Also from the beginning, and in spite of good tobacco crops and early good prices, the farmer has had no guarantee that there would be any money for living and/or necessary improvements to houses and so on, as all tobacco crops were grown under lien to the Agricultural Bank. Therefore, in order to get some sort of personal income and security, farmers have grown all types of crops in the “off” season – that very short growing season from March to July – August. Everything had been tried; tomatoes, cabbages, carrots, melons, cucumbers, potatoes, pumpkins, peanuts, cotton, grains, and during the last few years, beans. But without the service personel, there are not sufficient people in the north to absorb the products, southern markets are for the most part uneconomic, and in the case of cotton and grains, the farm areas are not sufficiently large to make these crops really payable. Added to which, nut grass is becoming an ever increasing hazard. Potatoes and corn (in small areas) are still fairly widely grown, but the instability of the markets makes them an extremely risky venture. Beans are the most successful. They grow splendidly here, but this area alone, could, I think, supply practically the whole eastern half of Australia. In one weekend in 1958 over sixty tons of beans left Clare for southern cities – with the result that Brisbane, Sydney and Melbourne markets were glutted and the price dropped to fourpence a pound – and that only for those that sold. Under contract seed beans are grown for various seed merchants, but prices are relatively poor, and from planting time it is often twelve months before payment is made.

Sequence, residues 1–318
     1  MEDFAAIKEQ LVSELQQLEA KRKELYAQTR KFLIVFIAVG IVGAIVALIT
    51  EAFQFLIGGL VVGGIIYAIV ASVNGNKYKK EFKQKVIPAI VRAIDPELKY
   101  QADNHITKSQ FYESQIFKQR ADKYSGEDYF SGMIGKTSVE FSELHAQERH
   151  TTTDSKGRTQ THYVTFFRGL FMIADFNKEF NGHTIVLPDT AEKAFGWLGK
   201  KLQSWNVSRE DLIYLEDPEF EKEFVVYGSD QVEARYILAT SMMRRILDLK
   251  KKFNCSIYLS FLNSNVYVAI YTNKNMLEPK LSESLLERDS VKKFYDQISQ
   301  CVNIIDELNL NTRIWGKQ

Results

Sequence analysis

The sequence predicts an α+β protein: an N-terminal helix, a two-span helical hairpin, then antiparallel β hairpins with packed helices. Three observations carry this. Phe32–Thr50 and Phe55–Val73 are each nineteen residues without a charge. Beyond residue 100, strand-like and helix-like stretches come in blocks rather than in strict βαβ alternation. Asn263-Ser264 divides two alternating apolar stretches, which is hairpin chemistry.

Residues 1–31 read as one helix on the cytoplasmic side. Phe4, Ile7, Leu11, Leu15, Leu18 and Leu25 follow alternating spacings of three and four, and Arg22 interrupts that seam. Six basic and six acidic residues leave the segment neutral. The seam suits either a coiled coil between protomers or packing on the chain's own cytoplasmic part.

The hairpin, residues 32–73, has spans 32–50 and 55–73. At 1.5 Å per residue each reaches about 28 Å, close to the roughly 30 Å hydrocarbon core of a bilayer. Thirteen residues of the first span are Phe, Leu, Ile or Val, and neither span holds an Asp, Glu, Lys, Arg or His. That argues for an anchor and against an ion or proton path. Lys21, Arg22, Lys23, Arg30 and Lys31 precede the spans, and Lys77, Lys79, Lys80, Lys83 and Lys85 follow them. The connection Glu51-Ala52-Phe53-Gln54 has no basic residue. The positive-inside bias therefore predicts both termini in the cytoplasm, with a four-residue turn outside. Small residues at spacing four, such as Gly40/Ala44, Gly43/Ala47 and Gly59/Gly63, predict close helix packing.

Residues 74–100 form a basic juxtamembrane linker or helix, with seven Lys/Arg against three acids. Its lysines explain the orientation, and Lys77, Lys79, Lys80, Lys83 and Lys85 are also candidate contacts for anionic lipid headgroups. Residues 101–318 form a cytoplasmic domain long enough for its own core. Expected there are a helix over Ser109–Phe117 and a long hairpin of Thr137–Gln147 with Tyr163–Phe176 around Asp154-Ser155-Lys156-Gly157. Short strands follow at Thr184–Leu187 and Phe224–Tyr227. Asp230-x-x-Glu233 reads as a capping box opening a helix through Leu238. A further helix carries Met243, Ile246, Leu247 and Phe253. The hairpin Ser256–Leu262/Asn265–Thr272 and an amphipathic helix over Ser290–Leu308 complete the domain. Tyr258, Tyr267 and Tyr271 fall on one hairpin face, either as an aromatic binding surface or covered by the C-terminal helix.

With all, and in spite of, this unceasing and soul shattering struggle for existence, the Civic development of the area grew slowly but surely. The first step came in 1950 when some of the Farmers formed themselves into the Burdekin Co-operative Traders Limited and with plenty of enthusiasm to make up for their almost complete lack of capital, took over from Mrs Anderson, The Store. Bread and meat for the community were brought by the mailman from Ayr three times a week and distributed therefrom. It later acquired the Shell Company Agency for fuel and some insecticides. Admittedly, during the wet season, and without refrigeration, the bread and beef were not always as good or fresh as housewives would have it from choice, but nevertheless, it was much better than nothing, and the service was duly appreciated. In this year also, the Clare branch of the Country Women’s Association was formed at an inaugural meeting held in the I.W.S. Mess on 28th November. Mrs Crowther, the President of the Northern Division presided. Also in attendance were the President and members of the Ayr branch, and several visitors from other branches in the Division. There were eighteen members and the late Mrs. Tiller was the first Branch President. Since that time membership has fluctuated considerably owing in a great measure to the transient nature of the population; it has been as low as fourteen, and as high as sixty, but in the last three or four years has settled down to a fair average of thirty.

In the vicinity of the old post office the I.W.S. had a worker’s camp and prefabricated administrative buildings and staff quarters.